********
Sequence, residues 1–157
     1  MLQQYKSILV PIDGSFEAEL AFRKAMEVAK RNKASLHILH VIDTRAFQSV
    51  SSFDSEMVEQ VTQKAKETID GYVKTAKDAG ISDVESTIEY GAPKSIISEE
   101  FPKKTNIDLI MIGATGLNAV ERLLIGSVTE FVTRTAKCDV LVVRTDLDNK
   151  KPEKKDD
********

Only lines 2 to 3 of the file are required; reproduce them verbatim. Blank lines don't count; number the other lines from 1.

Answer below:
     1  MLQQYKSILV PIDGSFEAEL AFRKAMEVAK RNKASLHILH VIDTRAFQSV
    51  SSFDSEMVEQ VTQKAKETID GYVKTAKDAG ISDVESTIEY GAPKSIISEE